April 26, 2015 in Estate Planning - Generally, Guardianship, Wills | Permalink | Comments (0) | TrackBack (0)

Ask Math Not Facts to Detect Cognitive Impairment Early

MathResearchers of dementia and cognitive impairment warn that many individuals can still recall common facts, such as the date or who the president is, in the early stages of impairment. However, losing ability to do simply math and understanding finances can come earlier in the development of diseases such as  Alzheimer's. Detecting declining ability to handle finances early can help protect older individuals from exploitation.

See Tara Siegel Bernard, As Cognition Slips, Financial Skills Are Often the First to Go, New York Times, Apr. 24, 2015.

Special thanks to Joel Dobris (Professor of Law, UC Davis School of Law) for bringing this article to my attention.

April 26, 2015 in Disability Planning - Health Care, Disability Planning - Property Management, Elder Law | Permalink | Comments (0) | TrackBack (0)

New Book: Checklist for My Family

SChecklist for my Familyally Balch Hurme published her book entitled, AARP Checklist for My Family: A Guide to My History, Financial Plans, and Final Wishes. Provided below is the description of the book from the ABA store:

This handy resource will guide you through the process of gathering in one place your finances, legal documents, online accounts, wishes about medical care, and more.

April 26, 2015 in Books, Estate Planning - Generally | Permalink | Comments (0) | TrackBack (0)

Saturday, April 25, 2015

CLE on Skills Training for Estate Planners

CLE Photo

The American Bar Association Section of Real Property, Trust and Estate Law is holding its annual CLE entitled, 2015 Skills Training for Estate Planners.  The fundamentals course takes place July 13-17th and the advanced topics course is from July 15-17th at New York Law School.  Here is why you should attend:

This institute-type program provides a comprehensive CLE experience with coordinated sessions that build upon one another. It’s held annually at New York Law School in the Tribeca neighborhood of downtown Manhattan. Some of the benefits of this unique program include:

  • An outstanding expert faculty who share their insights and strategies on the most pressing issues estate planners currently face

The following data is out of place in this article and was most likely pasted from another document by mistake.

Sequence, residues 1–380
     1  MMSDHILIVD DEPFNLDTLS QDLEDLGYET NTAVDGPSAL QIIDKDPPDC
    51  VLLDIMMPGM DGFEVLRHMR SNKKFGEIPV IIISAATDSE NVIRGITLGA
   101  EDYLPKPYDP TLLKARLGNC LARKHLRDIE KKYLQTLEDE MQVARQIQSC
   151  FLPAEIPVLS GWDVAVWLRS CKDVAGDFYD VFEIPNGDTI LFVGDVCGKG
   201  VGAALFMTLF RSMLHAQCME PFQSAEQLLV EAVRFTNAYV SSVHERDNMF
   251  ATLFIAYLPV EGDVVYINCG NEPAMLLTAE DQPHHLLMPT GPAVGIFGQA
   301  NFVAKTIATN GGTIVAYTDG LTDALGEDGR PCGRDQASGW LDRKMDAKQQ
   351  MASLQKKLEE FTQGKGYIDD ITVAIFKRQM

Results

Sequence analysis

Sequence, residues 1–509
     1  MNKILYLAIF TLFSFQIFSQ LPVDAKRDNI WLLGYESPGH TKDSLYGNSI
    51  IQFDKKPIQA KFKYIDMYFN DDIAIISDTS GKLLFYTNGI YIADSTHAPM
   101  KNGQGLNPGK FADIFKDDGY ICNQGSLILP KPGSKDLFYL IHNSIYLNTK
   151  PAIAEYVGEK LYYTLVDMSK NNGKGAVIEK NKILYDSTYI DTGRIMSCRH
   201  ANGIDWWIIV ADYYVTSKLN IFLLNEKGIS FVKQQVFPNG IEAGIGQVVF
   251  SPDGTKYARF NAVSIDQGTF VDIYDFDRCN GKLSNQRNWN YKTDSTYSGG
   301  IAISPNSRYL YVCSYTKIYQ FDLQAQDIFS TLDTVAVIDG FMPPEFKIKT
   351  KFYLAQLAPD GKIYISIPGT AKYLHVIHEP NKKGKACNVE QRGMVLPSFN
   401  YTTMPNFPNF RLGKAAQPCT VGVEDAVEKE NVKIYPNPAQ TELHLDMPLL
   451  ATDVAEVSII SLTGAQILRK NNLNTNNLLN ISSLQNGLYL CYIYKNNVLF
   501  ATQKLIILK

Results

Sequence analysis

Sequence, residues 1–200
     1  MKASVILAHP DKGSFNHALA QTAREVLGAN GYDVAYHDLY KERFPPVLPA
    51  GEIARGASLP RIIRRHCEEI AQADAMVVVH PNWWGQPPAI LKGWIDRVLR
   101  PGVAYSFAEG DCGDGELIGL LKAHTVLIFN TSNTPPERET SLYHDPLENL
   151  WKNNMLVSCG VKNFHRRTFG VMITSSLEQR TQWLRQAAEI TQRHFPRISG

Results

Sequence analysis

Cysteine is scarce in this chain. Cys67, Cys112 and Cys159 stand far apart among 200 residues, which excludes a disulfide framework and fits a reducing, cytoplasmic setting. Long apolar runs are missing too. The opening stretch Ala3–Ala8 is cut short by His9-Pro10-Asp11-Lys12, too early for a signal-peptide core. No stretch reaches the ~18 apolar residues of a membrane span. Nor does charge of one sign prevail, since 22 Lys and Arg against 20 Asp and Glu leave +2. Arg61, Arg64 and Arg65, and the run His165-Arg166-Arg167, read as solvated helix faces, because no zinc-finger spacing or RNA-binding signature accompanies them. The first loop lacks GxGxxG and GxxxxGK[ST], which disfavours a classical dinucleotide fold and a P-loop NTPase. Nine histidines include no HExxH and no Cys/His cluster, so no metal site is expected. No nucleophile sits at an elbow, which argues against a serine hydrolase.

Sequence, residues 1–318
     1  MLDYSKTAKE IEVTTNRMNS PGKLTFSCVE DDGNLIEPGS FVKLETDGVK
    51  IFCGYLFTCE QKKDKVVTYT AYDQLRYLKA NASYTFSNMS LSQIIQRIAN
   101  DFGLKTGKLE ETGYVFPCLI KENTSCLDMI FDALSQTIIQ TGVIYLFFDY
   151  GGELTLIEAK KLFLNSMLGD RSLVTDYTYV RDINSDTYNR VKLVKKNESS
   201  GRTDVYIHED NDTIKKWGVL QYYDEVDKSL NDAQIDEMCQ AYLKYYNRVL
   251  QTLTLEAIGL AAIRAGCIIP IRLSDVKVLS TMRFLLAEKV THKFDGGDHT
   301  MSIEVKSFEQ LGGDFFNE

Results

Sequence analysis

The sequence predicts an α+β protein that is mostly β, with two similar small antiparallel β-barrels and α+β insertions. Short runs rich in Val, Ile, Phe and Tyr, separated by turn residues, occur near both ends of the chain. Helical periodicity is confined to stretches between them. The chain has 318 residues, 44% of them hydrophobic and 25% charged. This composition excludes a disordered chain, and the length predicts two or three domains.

• An intensive classroom environment that encourages interaction and integrates substance with practical skills instruction
  • Detailed course materials that serve as a valuable reference when you return to your office
  • The opportunity to network with faculty and other participants from across the country at two receptions, program breakfasts and lunches, as well as informally in the evenings
  • Between 24-54 hours of CLE credit (including 1 hour of ethics credit), depending on your state and the course chosen

April 25, 2015 in Conferences & CLE, Estate Planning - Generally | Permalink | Comments (0) | TrackBack (0)

The Dispute Over Robin Williams’ Estate Shows The Need For Better Planning Techniques

Robin_williams1-267x300As I previously discussed, the ongoing legal dispute over the estate of late actor and comedian Robin Williams demonstrates that conflicts can emerge out of an “uncommonly sophisticated, tax-efficient estate plan.”  Darren Wallace, an attorney at Day Pitney’s Stamford office, often recommends creating a Qualified Terminable Interest Property Trust (QTIP) as a way for blended families to avoid many of the types of problems that Robin Williams' estate experienced.    

See Kevin Hunt, Robin Williams’ Foolproof Estate Plan? How To Avoid Family Fallout, Hartford Courant, April 22, 2015.  

Special thanks to Jim Hillhouse for bringing this article to my attention.

April 25, 2015 in Current Affairs, Estate Administration, Estate Planning - Generally, Trusts | Permalink | Comments (0) | TrackBack (0)

Artist's Legacy Revived 50 Years After Death

ThreeMenWalkingIIThe Fondation Alberto et Annette Giacometti is working on expanding public knowledge of the works of Alberto Giacometti, a Swiss sculptor who died in 1966. The foundation is recreating his Paris studio and opening a public exhibition of his achievements next year. The lag time between his death and this public project is the result of the artist dying intestate and decades of feuding and legal battles between an association and foundation both created to honor Giacometti. With the association dissolved, the foundation is moving forward on bringing Giacometti's works to the public.

See Farah Nayeri, Reviving Giacometti’s Legacy, New York Times, Apr. 16, 2015.

Special thanks to Brian Cohan (Attorney at Law, Law Offices of Brian J. Cohan, P.C.) for bringing this article to my attention.

April 25, 2015 in Estate Administration, Estate Planning - Generally | Permalink | Comments (0) | TrackBack (0)